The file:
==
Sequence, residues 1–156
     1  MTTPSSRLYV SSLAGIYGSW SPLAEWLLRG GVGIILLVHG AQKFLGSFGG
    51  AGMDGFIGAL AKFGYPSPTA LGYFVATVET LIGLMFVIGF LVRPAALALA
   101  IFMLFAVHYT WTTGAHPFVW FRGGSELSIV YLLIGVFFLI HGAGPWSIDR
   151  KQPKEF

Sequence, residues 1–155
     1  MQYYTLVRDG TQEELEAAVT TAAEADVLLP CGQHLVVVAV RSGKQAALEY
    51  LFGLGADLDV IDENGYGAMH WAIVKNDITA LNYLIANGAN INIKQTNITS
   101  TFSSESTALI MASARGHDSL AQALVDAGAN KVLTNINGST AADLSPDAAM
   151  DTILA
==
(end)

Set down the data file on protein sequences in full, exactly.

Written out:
Sequence, residues 1–156
     1  MTTPSSRLYV SSLAGIYGSW SPLAEWLLRG GVGIILLVHG AQKFLGSFGG
    51  AGMDGFIGAL AKFGYPSPTA LGYFVATVET LIGLMFVIGF LVRPAALALA
   101  IFMLFAVHYT WTTGAHPFVW FRGGSELSIV YLLIGVFFLI HGAGPWSIDR
   151  KQPKEF

Sequence, residues 1–155
     1  MQYYTLVRDG TQEELEAAVT TAAEADVLLP CGQHLVVVAV RSGKQAALEY
    51  LFGLGADLDV IDENGYGAMH WAIVKNDITA LNYLIANGAN INIKQTNITS
   101  TFSSESTALI MASARGHDSL AQALVDAGAN KVLTNINGST AADLSPDAAM
   151  DTILA